It is 13 CDs dedicated to some of the most beautiful pages of the concertos for violin and orchestra, ranging from the age 'Baroque to the Romantic period, the first half of the twentieth century, as if to emphasize the unsurpassed expressive ductility of this Polish Master, naturalized Mexican . His performances range from Bach to Bartok, Beethoven and Berg, Brahms and Lalo, from Mendelssohn to Mozart, Paganini to Ravel, Saint-Saens by Khachaturian, from Tchaikovsky to Vivaldi, and so on.
A cosmopolitan fluent in 7 languages, a humanitarian, and a violinist of extraordinary gifts, Szeryng became renowned as a musician's musician by combining a virtuoso technique with a probing discernment of the highest order.
Szeryng was much admired for his combination of technical virtuosity and tremendous musical integrity and knowledge. Szeryng was a leading representative of the golden age of violin playing, along with such artists as Jascha Heifetz and Fritz Kreisler; his playing embodied a lushness of tone with sophisticated phrasing and bold intensity rarely heard today.
For many listeners, Henryk Szeryng would be the No. 1 choice for a recording of the Brahms Violin Concerto. His interpretation is technically flawless, emotionally involved, and deeply probing; it makes Jascha Heifetz, for example, sound slightly offhand. In this French-made video from 1962, the Paris Conservatoire is not the best possible orchestra, but it is more than adequate and Paul Paray is an excellent conductor.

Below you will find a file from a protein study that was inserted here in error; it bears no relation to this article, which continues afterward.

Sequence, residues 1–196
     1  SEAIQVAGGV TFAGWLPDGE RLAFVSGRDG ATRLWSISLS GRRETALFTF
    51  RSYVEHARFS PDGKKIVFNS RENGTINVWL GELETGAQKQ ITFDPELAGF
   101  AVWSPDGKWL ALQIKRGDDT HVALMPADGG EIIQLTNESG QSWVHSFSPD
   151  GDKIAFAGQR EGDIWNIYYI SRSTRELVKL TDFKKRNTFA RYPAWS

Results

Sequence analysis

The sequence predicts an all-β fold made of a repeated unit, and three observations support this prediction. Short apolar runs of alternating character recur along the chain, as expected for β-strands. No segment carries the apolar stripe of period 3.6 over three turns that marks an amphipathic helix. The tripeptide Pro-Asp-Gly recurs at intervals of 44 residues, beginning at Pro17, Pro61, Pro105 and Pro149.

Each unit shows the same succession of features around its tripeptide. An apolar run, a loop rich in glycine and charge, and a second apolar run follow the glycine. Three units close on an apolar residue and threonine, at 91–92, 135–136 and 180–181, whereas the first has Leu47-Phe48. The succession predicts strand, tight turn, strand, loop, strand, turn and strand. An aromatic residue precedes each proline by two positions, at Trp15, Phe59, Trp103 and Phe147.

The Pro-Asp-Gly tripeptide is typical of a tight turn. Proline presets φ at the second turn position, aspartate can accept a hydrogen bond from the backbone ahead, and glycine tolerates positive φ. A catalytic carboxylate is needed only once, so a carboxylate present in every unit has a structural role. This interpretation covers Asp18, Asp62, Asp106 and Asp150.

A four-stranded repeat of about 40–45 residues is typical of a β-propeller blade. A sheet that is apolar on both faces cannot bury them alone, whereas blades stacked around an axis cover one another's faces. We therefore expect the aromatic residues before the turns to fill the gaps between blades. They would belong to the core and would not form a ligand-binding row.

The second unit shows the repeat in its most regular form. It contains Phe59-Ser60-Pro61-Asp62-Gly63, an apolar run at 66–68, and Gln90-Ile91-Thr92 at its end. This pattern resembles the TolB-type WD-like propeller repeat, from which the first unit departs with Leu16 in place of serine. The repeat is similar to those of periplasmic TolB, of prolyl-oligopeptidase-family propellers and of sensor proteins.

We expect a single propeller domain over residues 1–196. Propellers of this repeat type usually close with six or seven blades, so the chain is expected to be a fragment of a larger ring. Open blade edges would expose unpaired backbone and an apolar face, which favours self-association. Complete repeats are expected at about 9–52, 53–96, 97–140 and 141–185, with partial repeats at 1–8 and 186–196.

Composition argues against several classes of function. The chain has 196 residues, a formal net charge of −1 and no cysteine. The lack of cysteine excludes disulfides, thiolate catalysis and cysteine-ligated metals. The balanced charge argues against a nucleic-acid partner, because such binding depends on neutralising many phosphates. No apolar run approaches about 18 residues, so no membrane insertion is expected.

Deutsche Grammophon proudly presents 42 of its greatest ever recordings for violin, from its matchless catalogue of the finest violinists of the last 75 years. Fritz Kreisler began it all for the company by recording a series of his own compositions and arrangements. 31 violinists grace 111 The Violin, with recordings from the early 1900s to 2012.
Bernard Haitink conducts the Royal Concertgebouw Orchestra in Brahms’s great orchestral works, including the complete symphonies. The concertos feature three great soloists: pianist Claudio Arrau, violinist Henryk Szeryng, and cellist Janos Starker. "No one, I trust, will deny that Arrau has lived with, wrestled with, and in a truly terribly way ’known’ the D minor Concerto for more years than most of us can consciously recall. Where contemporary pianists have often tended to refine or domesticate the concerto, withdrawing it from the world of heroic endeavour, Arrau has always done the reverse. No pianist, apart possibly from Serkin in his several recordings, has communicated so formidably the work’s scope: its seriousness and its anxious, tragic mood. Often Arrau makes free with the text. But the vision is huge, the technique astonishing. Haitink is a worthy accompanist."